Russia and Belarus signed a union agreement in 1996 that envisaged close political, economic and military ties, but efforts to achieve a full merger have foundered. In the 1990s, Lukashenko pushed for the creation of a single state, apparently hoping to take reins from Russia's ailing President Boris Yeltsin. Putin's election in 2000 demolished Lukashenko's hopes to rule both countries. Two years later the Belarusian leader angrily rejected a Kremlin proposal for incorporating his nation into the Russian Federation — leaving him without a job. Bilateral relations soured. Lukashenko described Russia as a "huge monster," saying Moscow's actions were worse than those of Nazi Germany, which reduced much of Soviet Belarus to ruins in World War II.

If Lukashenko refuses to cede control, the Kremlin could try to force his hand by using its most powerful weapon: energy. At the year's start, Russia more than doubled the price of natural gas and imposed a customs duty making oil more expensive. To pay its bills, Belarus was forced to sell half of its national gas pipeline company to Gazprom, Russia's state gas monopoly. In August, Gazprom threatened to halt future natural gas shipments if Belarus failed to pay what it already owed. The two sides negotiated a settlement, but the threat of a further increase in energy prices still looms over Belarus' heavily subsidized, Soviet-style economy.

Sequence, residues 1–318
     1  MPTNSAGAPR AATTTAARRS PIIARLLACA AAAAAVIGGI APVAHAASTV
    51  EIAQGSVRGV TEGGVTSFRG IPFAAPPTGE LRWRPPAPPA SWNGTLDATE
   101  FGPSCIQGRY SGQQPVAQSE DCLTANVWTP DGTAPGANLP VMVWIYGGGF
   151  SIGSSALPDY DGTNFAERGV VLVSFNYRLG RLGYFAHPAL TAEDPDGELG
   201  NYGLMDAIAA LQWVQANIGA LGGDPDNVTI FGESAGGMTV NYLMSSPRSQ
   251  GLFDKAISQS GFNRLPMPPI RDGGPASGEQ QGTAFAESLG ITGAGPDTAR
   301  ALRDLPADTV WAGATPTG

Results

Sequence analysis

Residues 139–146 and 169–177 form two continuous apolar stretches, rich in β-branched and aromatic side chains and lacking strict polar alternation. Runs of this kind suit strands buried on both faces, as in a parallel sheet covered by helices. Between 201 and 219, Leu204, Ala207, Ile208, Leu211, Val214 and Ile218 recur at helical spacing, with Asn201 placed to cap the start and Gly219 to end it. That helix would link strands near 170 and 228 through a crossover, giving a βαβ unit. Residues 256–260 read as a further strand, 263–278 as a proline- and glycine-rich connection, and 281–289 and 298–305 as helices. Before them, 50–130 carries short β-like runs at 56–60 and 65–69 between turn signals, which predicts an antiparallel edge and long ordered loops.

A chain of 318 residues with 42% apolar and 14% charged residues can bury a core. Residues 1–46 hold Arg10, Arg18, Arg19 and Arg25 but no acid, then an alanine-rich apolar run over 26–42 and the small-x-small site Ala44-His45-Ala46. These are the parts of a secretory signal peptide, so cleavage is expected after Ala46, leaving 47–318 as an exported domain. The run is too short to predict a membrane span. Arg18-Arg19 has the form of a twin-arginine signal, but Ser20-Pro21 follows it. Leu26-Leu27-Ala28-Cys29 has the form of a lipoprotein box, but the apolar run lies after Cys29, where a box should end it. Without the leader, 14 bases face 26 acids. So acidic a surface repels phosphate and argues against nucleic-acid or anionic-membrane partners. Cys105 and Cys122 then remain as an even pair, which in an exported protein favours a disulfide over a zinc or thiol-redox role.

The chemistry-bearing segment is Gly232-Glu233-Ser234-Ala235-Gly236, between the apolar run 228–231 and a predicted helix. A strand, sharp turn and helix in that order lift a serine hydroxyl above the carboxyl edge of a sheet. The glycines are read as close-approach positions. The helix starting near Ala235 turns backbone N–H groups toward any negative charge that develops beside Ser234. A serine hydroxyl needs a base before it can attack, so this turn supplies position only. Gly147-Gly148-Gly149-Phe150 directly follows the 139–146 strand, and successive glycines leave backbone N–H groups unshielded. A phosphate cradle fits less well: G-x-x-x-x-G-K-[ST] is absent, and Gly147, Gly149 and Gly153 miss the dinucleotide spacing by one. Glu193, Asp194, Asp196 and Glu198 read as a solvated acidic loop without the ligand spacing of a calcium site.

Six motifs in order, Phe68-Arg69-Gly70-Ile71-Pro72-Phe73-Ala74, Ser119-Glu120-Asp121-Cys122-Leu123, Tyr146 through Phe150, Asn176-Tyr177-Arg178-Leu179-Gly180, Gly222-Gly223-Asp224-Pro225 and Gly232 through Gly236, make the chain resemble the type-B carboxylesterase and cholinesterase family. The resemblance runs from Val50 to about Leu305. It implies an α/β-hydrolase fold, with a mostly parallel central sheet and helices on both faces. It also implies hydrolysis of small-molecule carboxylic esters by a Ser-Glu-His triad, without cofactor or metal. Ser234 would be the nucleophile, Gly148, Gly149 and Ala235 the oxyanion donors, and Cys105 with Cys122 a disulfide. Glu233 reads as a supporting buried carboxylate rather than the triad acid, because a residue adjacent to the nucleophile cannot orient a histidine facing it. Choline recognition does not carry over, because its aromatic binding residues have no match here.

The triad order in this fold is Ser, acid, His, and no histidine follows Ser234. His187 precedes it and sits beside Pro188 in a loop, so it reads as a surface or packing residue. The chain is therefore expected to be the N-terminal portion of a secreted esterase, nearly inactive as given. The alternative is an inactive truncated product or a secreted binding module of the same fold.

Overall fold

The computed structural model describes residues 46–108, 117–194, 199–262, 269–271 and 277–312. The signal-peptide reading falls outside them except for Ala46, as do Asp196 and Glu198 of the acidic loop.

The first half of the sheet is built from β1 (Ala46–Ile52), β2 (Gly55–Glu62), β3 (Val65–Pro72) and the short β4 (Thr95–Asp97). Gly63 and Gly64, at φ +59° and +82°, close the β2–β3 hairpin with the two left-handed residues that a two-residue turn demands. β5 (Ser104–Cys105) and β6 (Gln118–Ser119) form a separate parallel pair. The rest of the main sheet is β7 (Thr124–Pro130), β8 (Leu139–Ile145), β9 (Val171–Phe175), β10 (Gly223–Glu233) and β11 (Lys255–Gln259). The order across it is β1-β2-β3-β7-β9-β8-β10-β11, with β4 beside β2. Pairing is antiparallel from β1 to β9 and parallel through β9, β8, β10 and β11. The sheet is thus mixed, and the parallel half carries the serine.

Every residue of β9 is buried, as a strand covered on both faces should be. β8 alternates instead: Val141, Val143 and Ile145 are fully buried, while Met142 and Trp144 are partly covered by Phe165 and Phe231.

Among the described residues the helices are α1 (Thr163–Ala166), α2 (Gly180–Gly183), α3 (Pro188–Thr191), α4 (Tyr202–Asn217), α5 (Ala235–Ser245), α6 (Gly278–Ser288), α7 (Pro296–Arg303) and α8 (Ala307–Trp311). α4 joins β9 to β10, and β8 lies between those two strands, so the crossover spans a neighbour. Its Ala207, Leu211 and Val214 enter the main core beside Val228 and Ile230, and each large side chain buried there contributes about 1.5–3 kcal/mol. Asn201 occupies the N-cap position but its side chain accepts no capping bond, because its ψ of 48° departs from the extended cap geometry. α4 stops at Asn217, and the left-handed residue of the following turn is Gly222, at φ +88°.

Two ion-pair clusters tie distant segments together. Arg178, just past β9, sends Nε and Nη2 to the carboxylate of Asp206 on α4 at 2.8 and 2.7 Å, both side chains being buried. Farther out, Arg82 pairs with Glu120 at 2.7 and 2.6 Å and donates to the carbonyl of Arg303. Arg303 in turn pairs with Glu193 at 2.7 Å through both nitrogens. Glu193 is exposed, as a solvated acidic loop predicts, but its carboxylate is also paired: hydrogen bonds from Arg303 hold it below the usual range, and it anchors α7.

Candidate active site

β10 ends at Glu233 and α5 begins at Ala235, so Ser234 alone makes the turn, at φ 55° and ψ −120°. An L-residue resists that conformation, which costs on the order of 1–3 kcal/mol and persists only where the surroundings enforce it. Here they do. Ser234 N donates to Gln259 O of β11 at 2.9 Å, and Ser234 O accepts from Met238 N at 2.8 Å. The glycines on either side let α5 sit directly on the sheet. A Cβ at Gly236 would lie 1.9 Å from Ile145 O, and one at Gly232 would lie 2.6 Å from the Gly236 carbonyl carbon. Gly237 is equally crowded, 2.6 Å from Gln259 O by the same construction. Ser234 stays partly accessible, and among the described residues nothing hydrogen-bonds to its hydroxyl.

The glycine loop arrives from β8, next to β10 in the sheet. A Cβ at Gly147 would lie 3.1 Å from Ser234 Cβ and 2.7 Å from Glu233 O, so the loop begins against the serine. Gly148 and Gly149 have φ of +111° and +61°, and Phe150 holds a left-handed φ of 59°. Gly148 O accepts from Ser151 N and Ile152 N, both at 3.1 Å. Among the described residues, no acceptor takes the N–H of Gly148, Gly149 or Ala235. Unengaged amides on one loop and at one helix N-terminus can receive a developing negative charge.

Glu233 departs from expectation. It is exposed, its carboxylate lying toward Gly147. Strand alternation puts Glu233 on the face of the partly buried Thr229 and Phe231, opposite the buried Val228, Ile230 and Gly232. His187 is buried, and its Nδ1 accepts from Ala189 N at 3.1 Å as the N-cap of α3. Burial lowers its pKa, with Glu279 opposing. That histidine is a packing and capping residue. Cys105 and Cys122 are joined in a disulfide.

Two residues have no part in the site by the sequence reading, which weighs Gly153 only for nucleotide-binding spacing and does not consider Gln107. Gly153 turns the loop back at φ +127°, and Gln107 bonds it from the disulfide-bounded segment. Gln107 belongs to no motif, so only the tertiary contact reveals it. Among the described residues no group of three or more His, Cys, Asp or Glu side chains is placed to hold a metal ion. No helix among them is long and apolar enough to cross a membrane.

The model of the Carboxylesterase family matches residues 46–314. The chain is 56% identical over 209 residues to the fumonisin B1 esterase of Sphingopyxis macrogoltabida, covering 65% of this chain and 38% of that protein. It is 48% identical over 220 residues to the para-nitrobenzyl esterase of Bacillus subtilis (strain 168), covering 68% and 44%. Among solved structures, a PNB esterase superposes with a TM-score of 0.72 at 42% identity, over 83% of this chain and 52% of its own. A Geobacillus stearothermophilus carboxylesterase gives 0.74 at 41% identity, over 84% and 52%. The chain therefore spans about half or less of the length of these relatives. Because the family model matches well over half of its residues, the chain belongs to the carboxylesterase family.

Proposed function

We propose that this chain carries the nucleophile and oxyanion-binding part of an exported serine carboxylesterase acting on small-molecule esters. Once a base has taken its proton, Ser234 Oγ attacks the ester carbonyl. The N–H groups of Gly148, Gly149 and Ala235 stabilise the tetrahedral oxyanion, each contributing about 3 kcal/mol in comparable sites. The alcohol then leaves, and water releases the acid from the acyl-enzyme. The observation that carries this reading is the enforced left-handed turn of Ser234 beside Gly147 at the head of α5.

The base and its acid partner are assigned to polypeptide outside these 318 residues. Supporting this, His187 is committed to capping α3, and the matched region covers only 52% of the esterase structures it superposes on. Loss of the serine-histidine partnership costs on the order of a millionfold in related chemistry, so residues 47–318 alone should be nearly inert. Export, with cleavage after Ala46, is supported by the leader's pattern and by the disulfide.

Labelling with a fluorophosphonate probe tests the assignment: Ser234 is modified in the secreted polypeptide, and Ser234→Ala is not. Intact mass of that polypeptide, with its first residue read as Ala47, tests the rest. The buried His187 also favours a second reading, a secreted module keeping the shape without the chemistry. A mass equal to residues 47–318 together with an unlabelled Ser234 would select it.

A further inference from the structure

Source: http://www.guardian.co.uk/worldlates...148370,00.html

In related news:

Russia grants Belarus $1.5 billion stabilization loan

Russia and Belarus signed an agreement on Friday granting Belarus a $1.5 billion stabilization loan for 15 years at an interest rate of libor +0.75% and with a grace period of five years. Finance Ministers Alexei Kudrin of Russia and Nikolai Korbut of Belarus signed the agreement after talks between the two countries' leaders. Russian President Vladimir Putin and his Belarusian counterpart Alexander Lukashenko also attended a meeting of the Supreme Council of the Russia-Belarus Union State earlier in the day. "With a view to ensuring a smooth transition of bilateral energy cooperation to universal market principles and taking into account earlier agreements and contracts, Russia has decided to grant [Belarus] a state loan worth $1.5 billion," Putin said.